RRB - the recording read barrier is a twist on classical read barriers for detecting pointer loads.
While all read barriers I came across are very precise, precise in that they know immediately if the pointer in question is tainted,
this barrier is in-precise in nature.
It is simply used to record, as the name suggest, the pointer in question in a temporary circular buffer.
In combination with page protection mechanisms, a load from a tainted pointer will SIGSEGV during the execution of normal application instructions.
When a SIGSEGV is detected, the fault hander then checks the circular buffer and processes all the tainted pointers in there.
Once done, it adjusts the execution context (ie update to the new pointer address) and resumes execution.
The advantage of this approach is performance.
Most pointer loads are non-tainted, but the recording of the pointer itself only uses very simple unconditional instructions (and, mov, inc).
By utilizing the RRB, the mutator threads do not have to incur a massive performance hit allowing much better concurrent garbage collections.
Early benchmarks in CMM showed about -2% to 6% overhead when using the recording read barrier, while allowing similar features as a conditional read barrier.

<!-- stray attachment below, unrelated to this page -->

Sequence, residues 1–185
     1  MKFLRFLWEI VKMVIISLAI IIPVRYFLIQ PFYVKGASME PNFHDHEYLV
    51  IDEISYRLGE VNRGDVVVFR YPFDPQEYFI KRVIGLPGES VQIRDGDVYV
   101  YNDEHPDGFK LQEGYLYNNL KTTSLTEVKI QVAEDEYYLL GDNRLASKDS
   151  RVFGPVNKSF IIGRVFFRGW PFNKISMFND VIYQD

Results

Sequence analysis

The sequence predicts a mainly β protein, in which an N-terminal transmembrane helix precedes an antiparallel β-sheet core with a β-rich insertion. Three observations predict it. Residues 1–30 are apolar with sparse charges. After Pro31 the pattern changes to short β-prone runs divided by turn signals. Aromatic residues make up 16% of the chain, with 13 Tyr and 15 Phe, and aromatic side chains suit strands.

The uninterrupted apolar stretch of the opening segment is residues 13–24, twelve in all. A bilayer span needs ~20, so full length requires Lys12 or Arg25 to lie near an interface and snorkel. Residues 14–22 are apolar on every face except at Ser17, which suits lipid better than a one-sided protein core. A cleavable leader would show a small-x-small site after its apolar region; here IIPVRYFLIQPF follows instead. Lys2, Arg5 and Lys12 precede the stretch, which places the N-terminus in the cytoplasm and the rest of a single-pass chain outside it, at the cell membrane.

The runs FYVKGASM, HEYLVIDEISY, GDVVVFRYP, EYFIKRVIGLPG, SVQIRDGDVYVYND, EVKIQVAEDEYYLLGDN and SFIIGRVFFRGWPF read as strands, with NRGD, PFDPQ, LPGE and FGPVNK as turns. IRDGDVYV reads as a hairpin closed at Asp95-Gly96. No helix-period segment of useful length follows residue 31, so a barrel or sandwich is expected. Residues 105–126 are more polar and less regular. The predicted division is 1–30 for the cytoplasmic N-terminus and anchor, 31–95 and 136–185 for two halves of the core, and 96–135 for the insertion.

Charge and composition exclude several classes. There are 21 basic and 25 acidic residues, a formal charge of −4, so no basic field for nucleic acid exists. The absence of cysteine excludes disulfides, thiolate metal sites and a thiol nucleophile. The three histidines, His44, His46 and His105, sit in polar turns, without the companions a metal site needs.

The RRB writes all the object pointers loaded by the mutators into a thread local circular buffer.
This buffer should be large enough to capture the most recent pointer loads (in CMM set to 128 elements).
During processing of mutator code, a tainted pointer might be loaded, and when accessing elements via that pointer, a SIGSEGV is raised.
The fault handler then processes all the relevant heap pages that need moving / compacting and also adjusts the bad pointer at the SIGSEGV site and resumes the mutator.
The RRB buffer is small, because only the most recent pointer accesses shall the handled by the mutator fault handler in order for the mutator to resume working normally ASAP.
Background GC threads also handle the compaction in parallel with the mutators.
RRB hotspot ASM